Gill', The best I can remember....The beer was Bud Light, and Miller High Life....I'm pretty sure although I can't quite remember. I don't drink beer that often...I bought this beer for some clients (it was what they wanted), as I recall I drank WT that day/night (I am sure of that!) I normally wouldn't keep anything in my trunk that I wouldn't want ruined, but again just forgot about it. As it were, I think their was probably 6-8 beers left in there for about 2-3months. Note to self: Don't leave consumables in the trunk! (lol)

Gillman
08-04-2006, 06:52
Okay thanks. I can see that light beer, even if pasteurised, would not benefit from that long in a hot trunk. Also, the movement of the car would not help. Light beer tends to show defects more than other kinds because it is delicate to begin with.

Beer is a natural product (more or less) and should be kept cool, not exposed to light and consumed as soon as possible.

Gary

boone
08-04-2006, 08:28
I do like beer and I always will run across a great sale at some point in the year. I would like to buy and store some when this occurs. How long will it keep? I am speaking more of micro brews than bud or coors.

I would like to be able to buy things on sale and store them, just wondering if this is feasible? How long are they good? 1 year? 2 years? 5 years? thanks Greg.

The shelf life of beer? Keep (Budweiser) refrigerated and you have 110 days. They start restocking (on the route) on the 100th day. It took 10 days to complete the entire route.

And...What do they do with the "expired" beer?...

It's bottled as Coor's :slappin: :slappin: :slappin: ...

A friend of mine (Thomas Metcalfe) worked at Budweiser for years before coming to Heaven Hill...He told me that info...and the part about Coor's? Another co-worker did and Anheuser Bush tour in another state and the tour guide told them that one---as a joke becuse Coor's don't rotate thier stock.

Bettye Jo

bluesbassdad
08-04-2006, 11:06
Bettye Jo,

Ya know what the Coors drinker said when she took a drink of some Coors that had gone bad?

"Hey, this actually has some flavor to it!" :grin:

Yours truly,
Dave Morefield

boone
08-04-2006, 11:37
Bettye Jo,

Ya know what the Coors drinker said when she took a drink of some Coors that had gone bad?

"Hey, this actually has some flavor to it!" :grin:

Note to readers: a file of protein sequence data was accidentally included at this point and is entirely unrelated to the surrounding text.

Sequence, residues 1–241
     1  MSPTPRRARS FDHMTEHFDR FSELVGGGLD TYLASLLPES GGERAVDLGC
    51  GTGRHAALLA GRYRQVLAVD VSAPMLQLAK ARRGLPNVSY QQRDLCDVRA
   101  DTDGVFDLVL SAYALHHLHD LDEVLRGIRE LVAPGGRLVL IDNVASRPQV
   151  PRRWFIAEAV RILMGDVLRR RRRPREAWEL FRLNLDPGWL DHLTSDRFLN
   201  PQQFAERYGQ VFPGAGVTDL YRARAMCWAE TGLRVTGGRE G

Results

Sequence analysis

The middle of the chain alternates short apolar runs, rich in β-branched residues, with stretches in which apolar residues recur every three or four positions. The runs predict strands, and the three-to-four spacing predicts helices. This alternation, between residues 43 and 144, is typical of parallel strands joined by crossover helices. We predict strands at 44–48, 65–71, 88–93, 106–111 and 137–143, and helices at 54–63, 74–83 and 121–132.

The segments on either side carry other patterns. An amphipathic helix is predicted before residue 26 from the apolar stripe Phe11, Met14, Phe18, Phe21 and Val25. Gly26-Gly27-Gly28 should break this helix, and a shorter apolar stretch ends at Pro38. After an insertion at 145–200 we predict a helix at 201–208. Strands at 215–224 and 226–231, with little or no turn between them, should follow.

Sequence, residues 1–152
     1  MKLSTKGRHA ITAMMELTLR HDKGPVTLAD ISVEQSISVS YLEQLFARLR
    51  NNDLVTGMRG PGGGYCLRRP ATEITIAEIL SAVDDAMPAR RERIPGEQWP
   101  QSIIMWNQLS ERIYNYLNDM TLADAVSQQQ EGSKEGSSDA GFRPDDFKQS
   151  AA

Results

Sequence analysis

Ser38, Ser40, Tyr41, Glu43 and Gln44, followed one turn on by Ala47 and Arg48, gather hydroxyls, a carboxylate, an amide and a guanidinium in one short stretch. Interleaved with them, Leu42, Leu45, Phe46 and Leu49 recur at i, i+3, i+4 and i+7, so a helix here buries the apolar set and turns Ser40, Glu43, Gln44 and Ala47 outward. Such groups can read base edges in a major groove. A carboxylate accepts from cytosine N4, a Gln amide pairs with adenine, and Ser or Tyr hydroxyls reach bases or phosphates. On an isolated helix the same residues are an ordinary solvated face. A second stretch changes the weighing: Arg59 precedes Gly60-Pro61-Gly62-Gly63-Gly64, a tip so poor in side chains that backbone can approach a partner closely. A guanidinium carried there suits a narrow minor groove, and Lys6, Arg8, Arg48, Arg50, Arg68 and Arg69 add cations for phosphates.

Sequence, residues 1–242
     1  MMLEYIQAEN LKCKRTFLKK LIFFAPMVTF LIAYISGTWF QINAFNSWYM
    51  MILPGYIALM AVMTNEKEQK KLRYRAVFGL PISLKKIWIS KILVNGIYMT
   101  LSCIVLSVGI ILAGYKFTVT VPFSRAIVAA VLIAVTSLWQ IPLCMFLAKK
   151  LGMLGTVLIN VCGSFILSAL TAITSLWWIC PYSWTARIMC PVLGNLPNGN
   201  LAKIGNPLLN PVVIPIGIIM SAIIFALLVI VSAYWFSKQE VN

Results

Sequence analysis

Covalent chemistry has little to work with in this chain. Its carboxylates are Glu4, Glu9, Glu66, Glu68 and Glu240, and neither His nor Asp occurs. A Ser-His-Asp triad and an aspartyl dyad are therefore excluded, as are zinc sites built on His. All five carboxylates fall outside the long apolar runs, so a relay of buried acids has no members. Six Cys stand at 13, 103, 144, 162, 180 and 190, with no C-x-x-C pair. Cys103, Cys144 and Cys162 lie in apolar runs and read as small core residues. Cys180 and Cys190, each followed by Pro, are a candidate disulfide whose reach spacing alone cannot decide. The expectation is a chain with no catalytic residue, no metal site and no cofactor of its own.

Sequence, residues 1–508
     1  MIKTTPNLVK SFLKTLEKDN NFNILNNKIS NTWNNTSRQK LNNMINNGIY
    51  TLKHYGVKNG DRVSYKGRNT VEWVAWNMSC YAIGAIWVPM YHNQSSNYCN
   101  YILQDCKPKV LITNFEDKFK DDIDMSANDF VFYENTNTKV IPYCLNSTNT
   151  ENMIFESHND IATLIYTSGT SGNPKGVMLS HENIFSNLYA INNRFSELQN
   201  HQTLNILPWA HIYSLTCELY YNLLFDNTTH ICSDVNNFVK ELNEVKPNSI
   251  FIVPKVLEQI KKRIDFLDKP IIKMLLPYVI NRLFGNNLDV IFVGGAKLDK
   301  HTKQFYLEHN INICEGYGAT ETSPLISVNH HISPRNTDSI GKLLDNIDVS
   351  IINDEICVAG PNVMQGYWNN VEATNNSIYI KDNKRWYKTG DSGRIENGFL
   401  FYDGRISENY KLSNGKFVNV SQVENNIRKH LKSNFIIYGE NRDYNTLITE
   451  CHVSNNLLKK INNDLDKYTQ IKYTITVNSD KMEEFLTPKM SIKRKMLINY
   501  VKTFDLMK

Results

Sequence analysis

Yours truly,
Dave Morefield

I tasted some nasty beer not long ago ...but I spect that it was just "nasty" instead of "gone bad"....This beer was so bad that I didn't want to spoil my lunch that Jim had just ordered for us...I kept looking around to find something decent to drink...Robert, Jim's friend was sitting next to me. He see's that I can't stand my beer and have a "bead" on his tall frosty. He asks me if I have a problem I tell him that the beer is undrinkable...

He looks a his tall frosty :grin: ...

I look at it too :grin:

He picks it up as if he were going to hand it to me...but before he does he LICKS THE ENTIRE RIM! :slappin: :slappin: :slappin: :slappin: then hands it to me and say's...Help yourself!...



:grin: :grin: Ohhhhhhhhhhhhh Yeahhhhhhhhhhhh :grin: :grin:

I nearly fell outta my chair laughing at that one!

Bettye Jo

NorCalBoozer
08-04-2006, 19:45
The shelf life of beer? Keep (Budweiser) refrigerated and you have 110 days. They start restocking (on the route) on the 100th day. It took 10 days to complete the entire route.

And...What do they do with the "expired" beer?...

It's bottled as Coor's :slappin: :slappin: :slappin: ...

A friend of mine (Thomas Metcalfe) worked at Budweiser for years before coming to Heaven Hill...He told me that info...and the part about Coor's? Another co-worker did and Anheuser Bush tour in another state and the tour guide told them that one---as a joke becuse Coor's don't rotate thier stock.

Bettye Jo


I've never, ever, ever liked Coors. My favorite mainline American brew is Bud Light. I find it quite nice on a hot day when a ale or dark beer is just too much.

I really had no idea that the shelf life was so short! I guess I better get to drinkin those beers down quicker :slappin:

TimmyBoston
08-05-2006, 01:02
I just bought a bottle of Dogfish's 120-minute IPA. One the label it states that it "Ages Well". I've heard or aging beer, but I don't really know what it means. Can anybody help me out? If one does age it, is it really that much better, as, say, wine can get much, much better?

T47
08-05-2006, 22:35
My wife's cousin used to be a brew master for Pyramid in Seattle. He has since left and moved on to the winemaking industry. I posted this question for him, and here is his response.

Micros tend to be a little less shelf stable than the macros. Macros have pasteurization on their side. Micros stability is going to depend on their alcohol level as well as how microbiologically "clean" they are. For example, Pyramid beers that are between 5% and 6% alcohol by volume are given a 120-day shelf life. Beers like Snow Cap at 7+% alcohol are given a 180-day shelf life. Shelf life is also going to depend on storage temperature. If you buy a fresh micro and keep it in the fridge then you could theoretically extend the shelf life twice as long as intended. Keep in mind that this is not a hard and fast rule; it really all depends on the beer and your taste. Personally, I thought that 120 days was a bit much for Pyramid. Others might disagree. There are "connoisseurs" of Pyramid Snow Cap that feel that this beer is better when it is 2, 3, 4 or more years old. Personally, I never felt this beer was better with age. Long story short...beer is really a lot like bread. Would you buy bread on sale and still enjoy it 3 or 4 weeks after its expiration date that was given by the bakery? Beer in general is a product that is best when it is fresh. I hope this helps.....Cheers.